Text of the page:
Smith was one of several people who spoke about what it was like living with a disability, or caring for someone with a disability. Another was Trish Ierino, Stone Belt’s board president, who is the primary caretaker for her sister, Cheryl Thompson, a Stone Belt client. She said when Thompson was growing up in the 1970s, she was separated from other students in the schools.

“Fortunately, it’s not like that today,” she said. “Special needs children are integrated in the schools.”

Ierino said when she applied for a Medicaid waiver for her sister, it required filling out mounds of paperwork. Then she was told by an official that Thompson was facing a 7- to 10-year wait. “I asked myself, ‘Why does it need to be this difficult getting special needs services in Indiana?’” she said. But when Thompson’s mother turned 80, Thompson was granted a Medicaid waiver. Today she sews, cooks, shops, does yoga, works part time at Stone Belt and the Indiana University Police Department, volunteers at the Monroe County Public Library, participates in Special Olympics, and gets around town thanks to Bloomington Access.

The purpose of the forum was to provide political candidates an opportunity to hear from their constituents about disability issues, and to allow constituents to learn more about the candidates’ commitment to helping those with disabilities.

Nine political candidates participated in the forum — state Rep. Peggy Welch, who is seeking re-election in District 60; Republican Peggy Mayfield, who is challenging Welch in District 60; District 61 state Rep. Matt Pierce; Democrat Mark Stoops and Republican Reid Dallas, who are seeking the Indiana Senate District 40 seat recently vacated by Vi Simpson; Democrat Shelli Yoder, running for the 9th District congressional seat; District 46 state Rep. Bob Heaton, a Republican, along with his opponent, Democrat Jim Mann; and Republican Matt Ubelhor, who is running for re-election as state representative in District 62.

The speaker drawing the loudest applause was Jill Bolte Taylor — a brain scientist, author and motivational speaker who’s appeared on the “Oprah Winfrey Show” — and who has a brother with schizophrenia. “The brain is a beautiful thing when it works well, but when it doesn’t, we have a disability,” she said. “The measure of humanity in any society is how we treat those who can’t speak for themselves.”

Bolte Taylor said concern for those with disabilities transcends politics, citing a plane trip she recently took in which she and a man sitting next to her had a wonderful, hourlong conversation. “He told me about his son who is using the system, and I told him about my brother who is using the system,” she said. “When the plane landed, I asked him his name. He said he was Dave Long, the majority Republican leader of the Indiana Senate. I said, ‘You’re kidding me; you’re such a nice guy.’” Bolte Taylor said the incident taught her a lesson. “If I had known who he was, I never in a million years would have started talking to him,” she said. “But we are humans first, Republicans and Democrats second.”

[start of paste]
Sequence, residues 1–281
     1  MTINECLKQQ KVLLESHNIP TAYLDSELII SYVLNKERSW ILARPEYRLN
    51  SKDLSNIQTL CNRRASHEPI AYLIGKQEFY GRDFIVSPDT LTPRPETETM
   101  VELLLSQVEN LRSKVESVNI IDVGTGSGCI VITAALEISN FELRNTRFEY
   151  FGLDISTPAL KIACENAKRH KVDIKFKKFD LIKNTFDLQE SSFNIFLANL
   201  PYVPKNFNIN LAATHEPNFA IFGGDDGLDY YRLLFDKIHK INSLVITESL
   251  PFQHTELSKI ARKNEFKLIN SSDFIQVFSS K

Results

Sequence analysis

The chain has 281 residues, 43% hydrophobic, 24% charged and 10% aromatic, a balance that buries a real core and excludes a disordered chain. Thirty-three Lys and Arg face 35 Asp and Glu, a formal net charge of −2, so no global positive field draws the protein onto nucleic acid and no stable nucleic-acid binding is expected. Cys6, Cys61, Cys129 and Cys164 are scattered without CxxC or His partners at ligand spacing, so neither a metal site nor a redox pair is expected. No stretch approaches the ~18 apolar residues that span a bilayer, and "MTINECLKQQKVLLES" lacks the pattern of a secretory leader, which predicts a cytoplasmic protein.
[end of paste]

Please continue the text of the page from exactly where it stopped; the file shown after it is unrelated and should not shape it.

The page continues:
Most of the political candidates told the audience they were eager to hear their concerns regarding the disabled community, urging them to contact them by phone or email. Some incumbents cited their efforts in the Indiana General Assembly to help individuals with disabilities, and some challengers said they were not doing enough. Republican Reid Dallas went after Monroe County Commissioner Mark Stoops — his opponent in the Indiana Senate District 40 race — saying many of Monroe County’s polling sites are not accessible to people with disabilities, and that Rural Transit deserved more funding. “Monroe County needs a state representative who will not just talk about this issue but actually support people with disabilities,” he said. Stoops countered that Monroe County is doing an outstanding job providing services to folks with disabilities, and said in 2006, when he was president of the county council, the council gave Options, now incorporated into LIFEDesigns, a tax levy that enabled the nonprofit to increase its funding by $300,000 a year.

A common theme of the evening, reiterated by several candidates, is that investing in people with disabilities will save the state money in the long run. “Early intervention is key,” Pierce said. “If we spend money now, we will save plenty of money later.” “Our prison system is the largest mental health system in the state,” Mayfield said. “When it comes to mental illness, it’s pay now or pay later.” Welch said it’s imperative to educate state legislators and the public that mental illness is not a weakness but an illness that needs to be treated — and there must be parity in state coverage for mental and physical illness.

This event was a partnership among Stone Belt, LIFEDesigns, Mental Health America, NAMI of the Greater Bloomington Area and the Arc of Indiana.

By Dann Denny

331-4350 | ddenny@heraldt.com